A few weeks ago, ProPublica published a sobering article entitled The Last Person You’d Expect to Die in Childbirth. The article addressed the extremely high maternal mortality rates in the United States, which are contrasted significantly with low infant mortality rates.

In trying to understand this enormous discrepancy, the authors note numerous examples in which our medical system: from medical education, to Medicaid spending, to hospital credentialing, to routine obstetric and postpartum care protocols; privileges the health of babies while ignoring the health of moms.

And this does not just apply to medical health. I see this problematic dynamic reflected in our thinking and practices around perinatal mental health all the time.  Below are some examples from women I have worked with in my practice.

  • An anxious pregnant woman  is told “if you don’t get your anxiety under control you will hurt your growing baby” and at the same time is told “taking medication for your anxiety could endanger your baby.” She feels enormous guilt about her anxiety, she feels she has no options to help herself and that to get help is selfish at best, and dangerous at worst. Her anxiety gets worse.
  • A pregnant woman with a history of an eating disorder who is given “rules to follow” about her diet without consideration or sensitivity around her history. She is told she “must be weighed” at every appointment, without being told that she has the right to refuse to be weighed or she can be weighed backwards. She is not told that her diet is good enough to make sure her baby is healthy. She is not told that gaining too little weight is more worrisome than gaining too much for someone of her size, so she begins to restrict her food.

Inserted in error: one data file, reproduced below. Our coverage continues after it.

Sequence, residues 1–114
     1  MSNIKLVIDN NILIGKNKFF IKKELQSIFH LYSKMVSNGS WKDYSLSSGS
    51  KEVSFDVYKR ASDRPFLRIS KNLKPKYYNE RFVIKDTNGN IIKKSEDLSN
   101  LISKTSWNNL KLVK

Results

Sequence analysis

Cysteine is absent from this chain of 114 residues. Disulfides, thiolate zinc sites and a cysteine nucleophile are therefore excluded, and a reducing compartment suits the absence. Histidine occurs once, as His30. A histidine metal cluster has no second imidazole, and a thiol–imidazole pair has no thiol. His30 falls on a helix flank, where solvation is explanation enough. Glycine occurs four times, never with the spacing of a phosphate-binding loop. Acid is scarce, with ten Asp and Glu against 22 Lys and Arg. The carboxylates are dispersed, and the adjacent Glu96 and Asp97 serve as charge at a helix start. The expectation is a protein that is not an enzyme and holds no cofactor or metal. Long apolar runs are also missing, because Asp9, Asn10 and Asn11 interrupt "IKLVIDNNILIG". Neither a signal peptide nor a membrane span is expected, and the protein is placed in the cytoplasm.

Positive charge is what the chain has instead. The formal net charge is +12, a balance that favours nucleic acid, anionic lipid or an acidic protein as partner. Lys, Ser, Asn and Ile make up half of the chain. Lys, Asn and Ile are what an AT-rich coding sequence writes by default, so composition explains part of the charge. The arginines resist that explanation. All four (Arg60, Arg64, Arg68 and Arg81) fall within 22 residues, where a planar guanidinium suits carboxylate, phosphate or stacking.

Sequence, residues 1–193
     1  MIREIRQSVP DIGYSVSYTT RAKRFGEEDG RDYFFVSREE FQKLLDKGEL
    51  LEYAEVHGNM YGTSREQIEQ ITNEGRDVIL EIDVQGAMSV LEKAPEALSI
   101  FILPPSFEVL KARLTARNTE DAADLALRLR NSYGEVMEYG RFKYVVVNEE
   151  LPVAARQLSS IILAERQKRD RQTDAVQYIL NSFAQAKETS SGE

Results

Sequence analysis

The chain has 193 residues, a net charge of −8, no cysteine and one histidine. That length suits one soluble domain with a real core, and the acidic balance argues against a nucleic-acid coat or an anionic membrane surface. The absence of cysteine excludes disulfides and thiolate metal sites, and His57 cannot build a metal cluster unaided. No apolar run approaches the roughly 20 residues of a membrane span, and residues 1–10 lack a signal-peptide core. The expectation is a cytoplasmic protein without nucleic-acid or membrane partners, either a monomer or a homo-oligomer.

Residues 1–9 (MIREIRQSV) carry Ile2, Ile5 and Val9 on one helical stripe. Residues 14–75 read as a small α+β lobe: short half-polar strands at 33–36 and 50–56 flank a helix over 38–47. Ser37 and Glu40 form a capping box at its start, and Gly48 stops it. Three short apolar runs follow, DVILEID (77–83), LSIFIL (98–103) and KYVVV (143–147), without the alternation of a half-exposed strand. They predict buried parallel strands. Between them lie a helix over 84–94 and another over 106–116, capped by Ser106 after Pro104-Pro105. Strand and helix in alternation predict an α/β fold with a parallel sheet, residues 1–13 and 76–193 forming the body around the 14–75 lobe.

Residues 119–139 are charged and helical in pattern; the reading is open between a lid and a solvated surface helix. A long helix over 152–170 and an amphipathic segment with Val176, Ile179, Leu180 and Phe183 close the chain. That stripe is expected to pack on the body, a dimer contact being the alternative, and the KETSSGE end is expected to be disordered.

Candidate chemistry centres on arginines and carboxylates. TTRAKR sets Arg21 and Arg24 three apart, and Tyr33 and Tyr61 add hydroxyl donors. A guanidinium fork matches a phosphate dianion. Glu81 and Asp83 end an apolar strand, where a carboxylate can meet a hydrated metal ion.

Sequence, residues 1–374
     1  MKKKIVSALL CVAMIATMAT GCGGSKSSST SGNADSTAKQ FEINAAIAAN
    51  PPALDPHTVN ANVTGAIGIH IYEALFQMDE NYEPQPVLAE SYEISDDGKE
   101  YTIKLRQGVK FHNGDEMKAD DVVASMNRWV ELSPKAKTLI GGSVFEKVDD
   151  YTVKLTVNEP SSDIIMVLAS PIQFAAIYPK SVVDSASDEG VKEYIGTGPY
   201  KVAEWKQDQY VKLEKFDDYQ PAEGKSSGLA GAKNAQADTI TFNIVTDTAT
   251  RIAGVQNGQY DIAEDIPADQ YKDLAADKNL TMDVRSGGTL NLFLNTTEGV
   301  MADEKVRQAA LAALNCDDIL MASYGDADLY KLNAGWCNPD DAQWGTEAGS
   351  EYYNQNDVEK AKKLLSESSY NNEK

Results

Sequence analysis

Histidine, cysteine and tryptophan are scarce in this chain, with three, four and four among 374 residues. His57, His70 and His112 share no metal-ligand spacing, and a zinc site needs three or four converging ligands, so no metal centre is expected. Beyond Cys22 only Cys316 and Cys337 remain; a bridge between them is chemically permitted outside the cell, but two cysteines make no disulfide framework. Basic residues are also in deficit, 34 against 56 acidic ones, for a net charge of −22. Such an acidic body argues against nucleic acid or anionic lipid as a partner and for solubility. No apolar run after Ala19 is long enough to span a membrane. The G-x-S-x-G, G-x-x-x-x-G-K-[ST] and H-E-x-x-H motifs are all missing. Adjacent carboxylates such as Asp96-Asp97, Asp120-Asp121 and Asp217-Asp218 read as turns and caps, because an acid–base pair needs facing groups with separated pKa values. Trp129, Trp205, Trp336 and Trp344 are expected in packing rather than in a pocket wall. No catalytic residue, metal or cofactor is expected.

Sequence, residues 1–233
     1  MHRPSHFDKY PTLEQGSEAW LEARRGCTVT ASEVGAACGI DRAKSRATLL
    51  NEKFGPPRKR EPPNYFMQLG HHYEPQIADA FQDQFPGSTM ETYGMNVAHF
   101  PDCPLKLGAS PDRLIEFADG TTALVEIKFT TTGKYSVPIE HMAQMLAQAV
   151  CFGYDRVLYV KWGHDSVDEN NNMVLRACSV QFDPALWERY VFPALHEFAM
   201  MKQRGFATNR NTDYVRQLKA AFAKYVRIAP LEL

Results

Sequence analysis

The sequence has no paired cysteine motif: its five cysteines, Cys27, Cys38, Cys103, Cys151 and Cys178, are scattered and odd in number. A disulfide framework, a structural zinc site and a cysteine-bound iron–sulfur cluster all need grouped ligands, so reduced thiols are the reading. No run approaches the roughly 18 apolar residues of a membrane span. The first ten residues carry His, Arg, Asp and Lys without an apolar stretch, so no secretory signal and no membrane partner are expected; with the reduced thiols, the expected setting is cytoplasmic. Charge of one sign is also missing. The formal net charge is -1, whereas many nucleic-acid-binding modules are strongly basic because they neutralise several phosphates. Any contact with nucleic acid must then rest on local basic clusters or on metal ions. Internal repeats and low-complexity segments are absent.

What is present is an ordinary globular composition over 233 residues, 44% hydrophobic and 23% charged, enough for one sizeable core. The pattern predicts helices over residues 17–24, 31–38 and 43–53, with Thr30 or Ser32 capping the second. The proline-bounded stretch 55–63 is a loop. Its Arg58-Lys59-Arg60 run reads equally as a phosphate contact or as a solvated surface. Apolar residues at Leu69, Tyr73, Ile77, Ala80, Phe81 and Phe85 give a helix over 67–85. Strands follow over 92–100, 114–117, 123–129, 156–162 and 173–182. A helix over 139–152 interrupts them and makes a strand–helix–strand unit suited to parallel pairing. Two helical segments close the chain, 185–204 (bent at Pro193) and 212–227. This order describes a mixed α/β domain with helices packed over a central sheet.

• A new mother who experienced a traumatic labor and delivery where she was medically compromised and emotionally devastated. Her medical team, her family, her friends keep telling her, “its ok, stop worrying, at the least the baby is ok.” And yes thankfully her baby was fine, but she is not fine, and feels she’s not allowed to not be ok.
  • A new mother who is three weeks postpartum with anxiety and depression and is struggling to breastfeed. She is told that she cannot take her psychiatric medication if she wants continue breastfeeding. She seeks advice on weaning from her doctors and a lactation consultant who keep reinforcing to her that breast is best. She feels helpless and confused, and that any decision she makes will harm her baby.

What is clear from these examples is that from the get go, we treat pregnant women and new moms as vessels. We tell them their needs no longer matter, and that to take care of their needs is selfish. The system positions mom’s needs and baby’s needs as diametrically opposed.

This has enormous emotional consequences that reverberate from pregnancy all the way through to motherhood. It sends the message that moms shouldn’t take care of their needs or have needs at all. It plants (and waters) the seeds of guilt that are so endemic amongst moms. It is an additive factor in the high incidence of perinatal mood and anxiety disorders, and most certainly gets in the way of women seeking help when they need it. And remember, perinatal mood and anxiety disorders are the #1 complication of childbirth. We are are putting women’s lives at stake.

We can and must do better.  

We need a system that recognizes and cares for moms in a comprehensive and holistic manner. We need a system frames the relationship between a mother’s health and her baby’s health as symbiotic and recognizes that both are of equal importance. We need to tell moms to put their oxygen masks on first, and assure them that taking care of themselves is taking care of their babies.

It is a long and complicated road to fix a system that is broken. But here is one small step we can all take which can be tremendously impactful.

Whether you are a friend or a medical or mental health provider, make sure you ask mom about how she is feeling. Ask her this before asking about her baby. Listen to her closely and carefully. Do not dismiss or belittle her feelings. Take her seriously, validate her feelings. Just ask!